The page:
Mental health worry

2018-11-20 06:00

Mental health and the stigmatisation of patients suffering from it is of growing concern to health practitioners in the Mitchell’s Plain area.

“We want to educate residents on mental illness and break the silence and the stigma. Currently there is an increased number of patients being admitted with mental illnesses. There is a global crisis but more so in Mitchell’s Plain it is increasing because of substance abuse.

“With this goes psychosis as well. The prevalence is increasing and we want the community to come to terms with what mental illness is and how to deal with someone in their families who has a mental illness. Not to stigmatise or isolate them but to make them a part of the community and how we can help them get better,” says Ruwayda Hull, occupational therapist for the Department of Health, based in Mitchell’s Plain.

“We want to also look at prevention. Today I may be healthy, but it does not mean that I will be tomorrow or forever. I could have a traumatic event happen and then suffer from a mental illness so we look at coping mechanisms to help me stay healthy.”

Anxiety, depression, schizophrenia, bi-polar and substance induced psychosis are the most common treated mental illnesses in the area, says Hull.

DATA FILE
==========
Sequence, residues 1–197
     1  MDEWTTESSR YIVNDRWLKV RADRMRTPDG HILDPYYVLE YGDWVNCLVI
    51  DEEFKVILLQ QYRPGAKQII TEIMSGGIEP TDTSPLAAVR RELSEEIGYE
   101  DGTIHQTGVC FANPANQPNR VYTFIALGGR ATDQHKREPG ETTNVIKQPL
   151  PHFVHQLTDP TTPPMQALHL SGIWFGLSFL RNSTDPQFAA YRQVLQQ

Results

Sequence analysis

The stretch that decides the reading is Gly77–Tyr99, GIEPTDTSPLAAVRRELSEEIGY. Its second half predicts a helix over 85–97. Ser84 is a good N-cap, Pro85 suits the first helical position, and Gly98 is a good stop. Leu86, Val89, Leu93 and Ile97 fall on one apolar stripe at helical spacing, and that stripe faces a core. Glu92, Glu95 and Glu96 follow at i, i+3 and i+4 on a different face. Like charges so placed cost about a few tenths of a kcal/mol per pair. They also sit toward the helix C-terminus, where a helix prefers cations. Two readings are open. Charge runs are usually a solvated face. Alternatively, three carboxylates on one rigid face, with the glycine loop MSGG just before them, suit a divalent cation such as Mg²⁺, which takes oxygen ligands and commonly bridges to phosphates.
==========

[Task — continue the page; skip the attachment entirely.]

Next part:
“Signs to look out for is when self care goes down, isolating themselves and becoming withdrawn, staying home from work, monitor their behaviours becoming different than the norm and also the common symptoms such as delusion and hallucinations. If it is a young person, work often suffers and some don’t want to involve themselves in daily tasks,” says Hull.

“Behaviour is key. It is not always aggression, that is a myth, that is one of the biggest labels that people put on mental illness patients­.”

Candice Vankesteren, a fourth year Occupational Therapy student at the University of the Western Cape says she was inspired to become an occupational therapist to assist in breaking the stigma and after spending time in a step-down facility for patients about to be discharged from institutions.

“When we engage with people with mental illnesses, often the narrative that comes out is that they feel isolated and alone. They feel their family and community don’t understand­.

“Looking at the environment they would be in, if the environment is not healthy, they will relapse or not be able to get healthy,” she says.

V Continued on page 3.

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